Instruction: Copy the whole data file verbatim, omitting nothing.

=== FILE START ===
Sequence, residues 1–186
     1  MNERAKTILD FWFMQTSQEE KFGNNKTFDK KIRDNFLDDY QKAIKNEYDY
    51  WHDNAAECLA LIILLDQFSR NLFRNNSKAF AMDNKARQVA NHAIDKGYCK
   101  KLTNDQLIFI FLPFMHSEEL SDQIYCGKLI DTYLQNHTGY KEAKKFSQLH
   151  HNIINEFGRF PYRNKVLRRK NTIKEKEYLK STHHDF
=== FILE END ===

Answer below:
Sequence, residues 1–186
     1  MNERAKTILD FWFMQTSQEE KFGNNKTFDK KIRDNFLDDY QKAIKNEYDY
    51  WHDNAAECLA LIILLDQFSR NLFRNNSKAF AMDNKARQVA NHAIDKGYCK
   101  KLTNDQLIFI FLPFMHSEEL SDQIYCGKLI DTYLQNHTGY KEAKKFSQLH
   151  HNIINEFGRF PYRNKVLRRK NTIKEKEYLK STHHDF